Ryan Day doesn’t try to make waves. He’s not a man of bold proclamations who enjoys putting himself out there too much. Rarely has he gone out of his way to make his opinions known while serving as Ohio State’s head coach.
So, whenever Day chooses to get his thoughts out there into the world, even when simply talking about a player on the team, it’s worth noting. Over a year ago, he did exactly that with somebody the Buckeyes had just inked to a National Letter of Intent.
“Lathan Ransom is going to be as good a safety as we've had here in a long time,” Day said 14 months ago.
Big words from the man in charge.
Fast forward to last week. After seeing Ransom go through his freshman season, he singled him out once more.
“The one guy I thought that did step up is Lathan Ransom,” Day said on Wednesday. “I'm really excited about him. I thought he played really well in that Clemson game. He's got a lot of great football ahead of him. He's a young guy. He came in, I think he was 17 years old. He's got a chance to be a really good player.”
One thing that’s clear: Day believes Ransom will be an impact player for the Buckeyes.
One thing that’s not clear: Where exactly Ransom will fit into Ohio State’s plans next season.
The way Day talked about Ransom suggests the rising second-year defensive back won’t be long for a role as a reserve. The way he discusses the Arizona native certainly makes it seem as though he’ll factor heavily into the 2021 defense. His versatility makes him an option at several spots, though there isn’t a single area where it seems overwhelmingly likely he’ll end up.
Ransom seemed destined to play free safety for Ohio State when he enrolled in the program as the No. 167 overall recruit and 11th-best safety in his class, yet that’s not where he made the majority of his impact as a true freshman.
In both the Sugar Bowl against Clemson and the national championship against Alabama, he slid into the nickelback spot, playing in the slot as an extra defensive back brought onto the field often on passing downs. His 37 combined snaps in those two College Football Playoff games eclipsed the number of snaps he had played in the prior six games to open his collegiate career, speaking to his in-season growth and the confidence shown in him by defensive coordinator Kerry Coombs.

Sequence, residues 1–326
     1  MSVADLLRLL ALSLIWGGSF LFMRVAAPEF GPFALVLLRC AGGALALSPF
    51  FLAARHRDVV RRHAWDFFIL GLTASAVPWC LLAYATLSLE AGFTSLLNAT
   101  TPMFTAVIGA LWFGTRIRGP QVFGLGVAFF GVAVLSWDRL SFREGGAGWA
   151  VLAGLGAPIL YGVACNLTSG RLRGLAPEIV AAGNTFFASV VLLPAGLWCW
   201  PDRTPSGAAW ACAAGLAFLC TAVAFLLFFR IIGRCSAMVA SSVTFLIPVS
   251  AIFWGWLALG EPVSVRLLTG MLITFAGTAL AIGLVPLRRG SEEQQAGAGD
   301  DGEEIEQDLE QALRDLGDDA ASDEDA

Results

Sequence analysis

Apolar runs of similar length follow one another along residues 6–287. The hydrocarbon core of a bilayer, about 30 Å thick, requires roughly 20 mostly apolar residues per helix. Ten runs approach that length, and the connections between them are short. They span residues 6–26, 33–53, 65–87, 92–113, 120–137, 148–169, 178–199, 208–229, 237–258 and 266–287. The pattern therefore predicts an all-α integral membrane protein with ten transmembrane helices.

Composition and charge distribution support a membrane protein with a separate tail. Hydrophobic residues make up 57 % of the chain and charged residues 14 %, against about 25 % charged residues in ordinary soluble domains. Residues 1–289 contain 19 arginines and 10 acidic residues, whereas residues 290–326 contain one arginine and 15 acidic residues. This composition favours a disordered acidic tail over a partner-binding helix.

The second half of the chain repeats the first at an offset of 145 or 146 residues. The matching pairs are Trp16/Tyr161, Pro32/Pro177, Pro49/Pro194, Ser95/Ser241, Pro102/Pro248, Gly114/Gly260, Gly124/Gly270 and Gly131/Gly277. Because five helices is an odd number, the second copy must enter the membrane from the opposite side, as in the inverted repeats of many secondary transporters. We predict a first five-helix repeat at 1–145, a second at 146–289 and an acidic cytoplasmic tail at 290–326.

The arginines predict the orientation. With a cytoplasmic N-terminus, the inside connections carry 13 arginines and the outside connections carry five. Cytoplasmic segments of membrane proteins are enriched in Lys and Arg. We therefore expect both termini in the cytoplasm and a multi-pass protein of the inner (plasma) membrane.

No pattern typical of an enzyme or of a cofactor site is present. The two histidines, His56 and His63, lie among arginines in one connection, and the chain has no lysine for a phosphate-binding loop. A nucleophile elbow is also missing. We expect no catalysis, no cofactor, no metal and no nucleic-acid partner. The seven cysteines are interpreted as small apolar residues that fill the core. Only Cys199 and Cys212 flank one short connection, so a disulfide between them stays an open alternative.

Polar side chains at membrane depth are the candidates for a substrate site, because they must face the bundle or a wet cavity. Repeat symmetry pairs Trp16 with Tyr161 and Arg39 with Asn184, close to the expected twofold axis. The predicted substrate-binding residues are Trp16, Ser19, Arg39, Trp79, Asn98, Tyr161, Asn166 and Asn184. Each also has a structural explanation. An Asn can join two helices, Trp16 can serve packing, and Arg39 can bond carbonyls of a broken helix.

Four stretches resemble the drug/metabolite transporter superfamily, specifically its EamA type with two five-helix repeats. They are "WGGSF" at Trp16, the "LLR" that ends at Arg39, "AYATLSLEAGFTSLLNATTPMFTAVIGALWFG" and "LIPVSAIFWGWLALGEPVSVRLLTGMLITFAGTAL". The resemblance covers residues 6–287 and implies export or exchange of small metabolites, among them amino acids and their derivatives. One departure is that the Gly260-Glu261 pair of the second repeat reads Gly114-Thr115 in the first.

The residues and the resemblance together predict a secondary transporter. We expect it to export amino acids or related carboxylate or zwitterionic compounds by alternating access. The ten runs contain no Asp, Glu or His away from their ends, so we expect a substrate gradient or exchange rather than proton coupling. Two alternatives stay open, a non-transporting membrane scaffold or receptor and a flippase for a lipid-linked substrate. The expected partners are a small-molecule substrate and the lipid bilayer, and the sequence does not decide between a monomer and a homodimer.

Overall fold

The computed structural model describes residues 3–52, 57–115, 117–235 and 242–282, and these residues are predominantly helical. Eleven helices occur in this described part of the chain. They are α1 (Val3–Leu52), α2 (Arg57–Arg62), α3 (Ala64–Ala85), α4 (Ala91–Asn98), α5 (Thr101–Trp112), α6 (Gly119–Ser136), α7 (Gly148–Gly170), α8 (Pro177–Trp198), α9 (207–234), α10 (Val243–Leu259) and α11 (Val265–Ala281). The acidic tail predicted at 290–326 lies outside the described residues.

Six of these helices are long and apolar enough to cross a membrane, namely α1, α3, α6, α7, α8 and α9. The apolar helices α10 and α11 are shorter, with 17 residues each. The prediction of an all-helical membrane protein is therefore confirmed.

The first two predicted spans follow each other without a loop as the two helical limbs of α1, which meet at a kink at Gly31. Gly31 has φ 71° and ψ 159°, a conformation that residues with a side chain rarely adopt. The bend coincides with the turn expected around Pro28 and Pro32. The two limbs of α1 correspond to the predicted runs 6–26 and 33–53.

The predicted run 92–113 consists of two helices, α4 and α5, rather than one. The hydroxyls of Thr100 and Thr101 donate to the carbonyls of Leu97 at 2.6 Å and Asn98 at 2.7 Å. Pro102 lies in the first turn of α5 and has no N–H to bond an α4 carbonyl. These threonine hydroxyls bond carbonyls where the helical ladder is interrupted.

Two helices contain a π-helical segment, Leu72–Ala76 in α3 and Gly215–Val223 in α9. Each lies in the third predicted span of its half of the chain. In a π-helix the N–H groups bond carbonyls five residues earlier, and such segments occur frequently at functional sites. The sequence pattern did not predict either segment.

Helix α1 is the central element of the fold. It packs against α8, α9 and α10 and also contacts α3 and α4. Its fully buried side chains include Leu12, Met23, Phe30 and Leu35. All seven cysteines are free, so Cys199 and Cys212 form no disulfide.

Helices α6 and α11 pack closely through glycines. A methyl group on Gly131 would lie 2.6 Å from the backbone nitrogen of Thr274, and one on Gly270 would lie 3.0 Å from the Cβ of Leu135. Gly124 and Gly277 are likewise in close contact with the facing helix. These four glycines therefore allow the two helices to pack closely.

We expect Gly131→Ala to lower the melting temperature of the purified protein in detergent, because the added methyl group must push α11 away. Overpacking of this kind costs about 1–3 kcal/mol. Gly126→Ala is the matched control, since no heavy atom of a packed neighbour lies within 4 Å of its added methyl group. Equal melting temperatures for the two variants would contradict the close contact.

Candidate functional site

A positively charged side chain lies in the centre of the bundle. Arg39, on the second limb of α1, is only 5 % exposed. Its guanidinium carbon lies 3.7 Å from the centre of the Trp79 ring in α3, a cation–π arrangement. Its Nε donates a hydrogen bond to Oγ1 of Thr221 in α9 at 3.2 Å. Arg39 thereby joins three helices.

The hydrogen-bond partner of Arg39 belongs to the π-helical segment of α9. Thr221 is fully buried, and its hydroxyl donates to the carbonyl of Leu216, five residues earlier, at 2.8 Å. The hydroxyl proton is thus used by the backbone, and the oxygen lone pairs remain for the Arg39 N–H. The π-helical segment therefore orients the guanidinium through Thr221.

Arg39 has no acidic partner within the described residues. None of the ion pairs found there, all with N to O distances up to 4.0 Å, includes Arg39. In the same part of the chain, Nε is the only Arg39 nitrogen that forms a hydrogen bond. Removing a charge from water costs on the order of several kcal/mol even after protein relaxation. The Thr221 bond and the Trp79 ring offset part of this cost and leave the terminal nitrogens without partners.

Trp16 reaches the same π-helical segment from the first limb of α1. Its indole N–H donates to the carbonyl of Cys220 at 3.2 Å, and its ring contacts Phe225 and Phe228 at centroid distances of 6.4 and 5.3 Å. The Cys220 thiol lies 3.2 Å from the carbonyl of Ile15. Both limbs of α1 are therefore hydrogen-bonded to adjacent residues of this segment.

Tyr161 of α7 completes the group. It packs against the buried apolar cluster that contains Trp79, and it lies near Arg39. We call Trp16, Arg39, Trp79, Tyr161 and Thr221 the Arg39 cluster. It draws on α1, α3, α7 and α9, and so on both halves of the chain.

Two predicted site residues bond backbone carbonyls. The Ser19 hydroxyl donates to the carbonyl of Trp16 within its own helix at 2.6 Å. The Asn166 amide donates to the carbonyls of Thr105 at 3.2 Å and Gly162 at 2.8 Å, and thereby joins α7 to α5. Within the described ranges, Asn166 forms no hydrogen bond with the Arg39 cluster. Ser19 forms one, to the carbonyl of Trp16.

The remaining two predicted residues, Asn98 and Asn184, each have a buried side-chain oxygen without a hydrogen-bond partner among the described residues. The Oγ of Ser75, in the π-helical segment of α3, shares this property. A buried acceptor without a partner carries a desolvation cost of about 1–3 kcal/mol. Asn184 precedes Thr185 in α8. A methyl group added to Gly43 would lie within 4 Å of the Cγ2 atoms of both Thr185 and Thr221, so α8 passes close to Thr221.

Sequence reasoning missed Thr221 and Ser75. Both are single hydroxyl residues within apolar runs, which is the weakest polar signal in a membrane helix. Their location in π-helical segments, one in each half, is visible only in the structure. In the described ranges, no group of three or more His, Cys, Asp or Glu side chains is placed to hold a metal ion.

By the end of the season, he had accumulated six tackles and a pass breakup in his limited opportunities.
“He's just continued to improve every day,” Coombs said a few weeks ago. “I think those are the kids that probably suffer the most from the structure of the way summer went and a shorter season and all those kinds of things, because Lathan was – he was in COVID protocols and all those kinds of things and really short-handed on some of his time and preparation. And then not having the opportunity to get those kids in games early in the year to help them develop, actually ended up – I think we all felt like he was doing a really good job in practice. But as you know, that's different than the game. So he showed up and played big when we needed him to, and he continues to improve and develop, and we're excited for his future.”
Shaun Wade added: “Lathan is going to be a great player here in the future.”
His future, in particular later this fall, could have him lining up at any number of positions. The versatility brought by the 6-foot-1, 198-pounder opens up a trio of possibilities.
Ransom could begin next season at the same spot he ended his freshman year: Nickelback. Though he was a safety out of high school, he proved to Coombs he could play the position well enough despite being a true freshman who didn’t even arrive on campus until the summer in the middle of a pandemic. Now, with a full offseason ahead of him, one would imagine he’ll have plenty of time to further adjust himself to the spot if Coombs and Matt Barnes think that’s the best way to deploy him. Cameron Brown had that role to open the 2020 season before suffering an Achilles injury, but once healthy he could perhaps end up as an outside cornerback this fall now that Shaun Wade has left for the NFL.
Another option could be to have Ransom at slot cornerback, where Marcus Williamson was last season.
Sure, Williamson returns for a fifth season. So, he’ll almost certainly factor into the Buckeyes’ plans one way or another. But if the coaches see this as an optimal area at which to deploy Ransom, Williamson might be able to move to outside cornerback where Coombs has been known to rotate before. After all, slot cornerback in Ohio State’s defense often acts as a second safety. That’s where Ransom’s ability to line up in multiple areas could make him a weapon.
Or, if the Buckeyes like Ransom most as a free safety, they could put him at the back of the defense and have Josh Proctor be a second safety playing closer to the line of scrimmage.
“Lathan, like Sevyn Banks, he's such a great athlete,” Williamson said. “He's played and practiced at a lot of different spots throughout the year and he's really found a comfort level in his role now. He's just such a smart player to be so young. He asks a ton of questions. He's always trying to figure out more, how can I better myself here, how can I better myself there, and he's really just raised his value and helped us, especially during his first year in such a crazy year.
“To do what he's done is truly remarkable.”
And what Ohio State wants him to be next year is truly impactful.
The question to answer at some point this offseason is simple: Where does Ransom fit in best? Coombs and Barnes have no shortage of options.
“I already know he's going to be a great player,” Wade said. “He works hard. He's always in the film. Always asking just to do extra stuff and different things like that, so the sky's the limit for Lathan, and I'm really looking forward to his future.”